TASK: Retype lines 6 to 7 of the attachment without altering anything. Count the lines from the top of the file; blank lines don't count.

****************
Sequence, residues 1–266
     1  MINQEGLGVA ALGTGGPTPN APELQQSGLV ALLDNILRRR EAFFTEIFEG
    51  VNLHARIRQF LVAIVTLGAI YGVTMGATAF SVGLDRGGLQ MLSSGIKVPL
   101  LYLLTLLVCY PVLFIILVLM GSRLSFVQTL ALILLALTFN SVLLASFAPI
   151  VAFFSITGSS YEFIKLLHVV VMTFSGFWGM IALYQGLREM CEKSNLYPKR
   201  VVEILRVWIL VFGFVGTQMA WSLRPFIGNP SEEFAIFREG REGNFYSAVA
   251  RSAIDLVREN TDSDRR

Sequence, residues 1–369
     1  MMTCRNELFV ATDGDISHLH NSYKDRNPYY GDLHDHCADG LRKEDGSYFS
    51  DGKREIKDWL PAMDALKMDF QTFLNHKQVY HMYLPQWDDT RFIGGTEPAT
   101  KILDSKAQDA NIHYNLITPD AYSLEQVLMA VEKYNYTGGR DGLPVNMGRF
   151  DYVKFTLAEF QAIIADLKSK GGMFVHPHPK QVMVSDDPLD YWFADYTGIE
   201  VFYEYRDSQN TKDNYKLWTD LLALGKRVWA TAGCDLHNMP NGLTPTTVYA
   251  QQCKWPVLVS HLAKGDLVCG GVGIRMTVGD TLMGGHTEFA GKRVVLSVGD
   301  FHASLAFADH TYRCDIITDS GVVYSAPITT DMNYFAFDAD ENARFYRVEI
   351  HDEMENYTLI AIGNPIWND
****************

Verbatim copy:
   201  VVEILRVWIL VFGFVGTQMA WSLRPFIGNP SEEFAIFREG REGNFYSAVA
   251  RSAIDLVREN TDSDRR